Whole Life Magazine

August/September 2013

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Page 23 of 51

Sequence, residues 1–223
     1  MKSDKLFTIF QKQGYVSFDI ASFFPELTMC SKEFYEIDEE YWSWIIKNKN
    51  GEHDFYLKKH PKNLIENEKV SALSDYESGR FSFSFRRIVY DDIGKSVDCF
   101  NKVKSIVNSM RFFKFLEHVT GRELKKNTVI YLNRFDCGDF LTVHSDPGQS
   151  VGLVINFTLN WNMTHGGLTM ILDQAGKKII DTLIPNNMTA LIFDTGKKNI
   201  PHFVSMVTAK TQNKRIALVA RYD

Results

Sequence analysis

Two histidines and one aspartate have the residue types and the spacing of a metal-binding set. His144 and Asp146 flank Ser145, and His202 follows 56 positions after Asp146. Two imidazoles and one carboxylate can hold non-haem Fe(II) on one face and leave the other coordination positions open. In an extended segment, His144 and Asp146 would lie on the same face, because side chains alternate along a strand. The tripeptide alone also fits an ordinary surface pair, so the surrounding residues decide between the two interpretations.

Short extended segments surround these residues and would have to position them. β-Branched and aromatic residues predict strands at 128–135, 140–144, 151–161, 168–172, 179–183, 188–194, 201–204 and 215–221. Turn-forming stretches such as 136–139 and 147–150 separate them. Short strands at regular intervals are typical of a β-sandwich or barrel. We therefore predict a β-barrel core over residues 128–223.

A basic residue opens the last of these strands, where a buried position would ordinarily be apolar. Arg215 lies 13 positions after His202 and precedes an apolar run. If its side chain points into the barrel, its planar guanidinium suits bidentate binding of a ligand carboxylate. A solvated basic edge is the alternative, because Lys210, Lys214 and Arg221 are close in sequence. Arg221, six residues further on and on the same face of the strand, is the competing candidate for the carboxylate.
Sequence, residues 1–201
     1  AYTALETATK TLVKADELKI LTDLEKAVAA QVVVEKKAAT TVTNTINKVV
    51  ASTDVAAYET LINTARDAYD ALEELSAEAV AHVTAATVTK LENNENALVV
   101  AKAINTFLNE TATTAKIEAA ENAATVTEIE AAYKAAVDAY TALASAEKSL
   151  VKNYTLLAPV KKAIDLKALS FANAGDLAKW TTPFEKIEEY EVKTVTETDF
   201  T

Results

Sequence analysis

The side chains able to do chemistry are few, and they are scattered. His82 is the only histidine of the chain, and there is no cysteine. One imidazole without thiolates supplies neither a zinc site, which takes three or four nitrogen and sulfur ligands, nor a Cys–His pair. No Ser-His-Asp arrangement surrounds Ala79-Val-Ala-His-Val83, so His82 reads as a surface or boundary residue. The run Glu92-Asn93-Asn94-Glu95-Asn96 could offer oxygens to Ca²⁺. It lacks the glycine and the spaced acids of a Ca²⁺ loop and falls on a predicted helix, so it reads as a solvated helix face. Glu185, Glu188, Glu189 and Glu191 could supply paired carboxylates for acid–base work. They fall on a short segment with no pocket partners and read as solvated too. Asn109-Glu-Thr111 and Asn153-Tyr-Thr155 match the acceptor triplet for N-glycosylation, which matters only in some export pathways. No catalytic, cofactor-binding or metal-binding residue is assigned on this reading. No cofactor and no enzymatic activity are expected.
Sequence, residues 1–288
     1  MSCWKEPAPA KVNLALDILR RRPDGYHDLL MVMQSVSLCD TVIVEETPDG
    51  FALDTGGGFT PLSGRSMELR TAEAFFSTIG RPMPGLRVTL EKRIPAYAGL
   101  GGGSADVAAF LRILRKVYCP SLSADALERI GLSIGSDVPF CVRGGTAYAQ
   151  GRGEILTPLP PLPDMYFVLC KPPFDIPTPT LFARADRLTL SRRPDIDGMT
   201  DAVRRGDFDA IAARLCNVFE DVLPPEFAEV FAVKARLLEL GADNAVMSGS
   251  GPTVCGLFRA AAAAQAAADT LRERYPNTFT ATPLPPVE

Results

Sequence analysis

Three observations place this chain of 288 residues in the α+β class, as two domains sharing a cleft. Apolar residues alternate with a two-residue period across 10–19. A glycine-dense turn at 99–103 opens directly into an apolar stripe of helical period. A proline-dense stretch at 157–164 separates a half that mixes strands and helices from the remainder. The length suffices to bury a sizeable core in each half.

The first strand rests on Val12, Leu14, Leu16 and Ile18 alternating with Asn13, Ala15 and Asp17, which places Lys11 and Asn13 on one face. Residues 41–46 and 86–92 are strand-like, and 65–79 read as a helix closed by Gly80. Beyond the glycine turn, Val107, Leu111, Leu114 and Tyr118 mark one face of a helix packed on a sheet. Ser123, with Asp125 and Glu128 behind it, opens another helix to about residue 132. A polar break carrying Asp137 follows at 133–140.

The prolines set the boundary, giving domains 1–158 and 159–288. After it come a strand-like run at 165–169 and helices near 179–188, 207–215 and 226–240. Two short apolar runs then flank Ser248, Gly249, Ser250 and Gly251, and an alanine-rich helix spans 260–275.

yoga & spirit YOGA AT THE EDGE OF THE MAT New possibilities arise from loving acceptance of what is W hen the yoga teacher asks our class to move into handstand, I invariably freeze. I never know if I'll be able to bring my feet up to the wall or not, and I typically don't make it when I'm experiencing fear somewhere in my life. Clearly there is a connection between what happens on my mat and what is happening in my life outside the yoga studio. And whatever is happening in my life is, in turn, a reflection of what is going on within. Knowing how this all interacts, can yoga be used as a tool to shine light on fears and negative thought patterns, and then help in the process of moving through them to bring more ease and joy into every aspect of life? "Yoga is a mirror," says Santa Monica YogaWorks instructor Jesse Schein. "Every emotion, reaction or observation of yourself while going through your practice will inevitably arise in a situation or relationship off your mat. You can use yoga both to quiet your mind and to open yourself up to self-observation and change." Schein explains that our fears are merely "stories" that we carry not just in our minds, but also throughout our bodies. We have 72,000 channels of energy, she says, and our stories block some of those channels, resulting in our feeling stuck in negative patterns. Asanas open and clear the blocked channels so that we can release the stories from our bodies. Additionally, says Schein, being present during yoga stills the fluctuations of the mind, where the thought patterns originate and are reinforced through repetitive thinking. We know that if we always do what we've always done, we'll keep getting what we've always gotten. So then how do we change worn-out thought patterns to experience more happiness and elicit new possibilities in our lives? Daniel Stewart, counseling psychologist and co-owner of Rising Lotus Yoga in Sherman Oaks, teaches that yoga is a tool for transformation and that with consistent practice, it enables us to release negative thought patterns and create new ways of thinking. "We can approach each asana as a window into our psychological process and patterns," says Stewart. "With each pose, what thoughts come up? Do we push or pull back? Do we accept or criticize? This mindful 24 wholelifetimesmagazine.com By Sharon Brock attention to our experience brings us into alignment with our highest self, and negative thought patterns literally begin to fall away." Stewart counsels that transformation in yoga only happens when we are working at our "edge." Equanimity, or the ability to stay calm during difficult situations, is a mental state that yoga practice can strengthen. Try it yourself: Bring yourself into Warrior III and feel the outer hip of your standing leg start to heat up. Your mind, with its old thought patterns, may tell you to stop doing this—maybe even to run away—but you don't. You hold still and take deep breaths because you know that when you control and elongate your breath, you control and calm your mind. It is in these moments of holding and remaining calm while your body is feeling discomfort that you are creating new neural pathways of equanimity. From this you learn that you can choose peace of mind under any uncomfortable circumstance. So the next time someone cuts you off on the 405 freeway and you feel a trigger inside, you have the space to choose not to react. With consistent practice of equanimity, both your happiness and physical health improve. Renowned psychologist Carl Jung defined this phenomenon as "transcendent function." He described it as the tension between your unconscious mind and consciousness, leading to the creation of new consciousness, or a new thought pattern. Here, your consciousness is the thought pattern that reacts to the pain in your hip in Warrior III by telling you to run for the hills. The unconscious is where the new thought pattern of equanimity resides. Holding the pose creates the tension between the two and allows the new thought pattern to arise. Lasting Change Albert Einstein once said, "No problem can be solved from the same level of consciousness that created it." But it's a challenge to expand our comfort zones and make lasting changes in our consciousness. Ira Israel, L.A.-based psychotherapist and yoga instructor, points out that daily practice brings fresh insights about ways of being in the world. It encourages us to start to take responsibility for our

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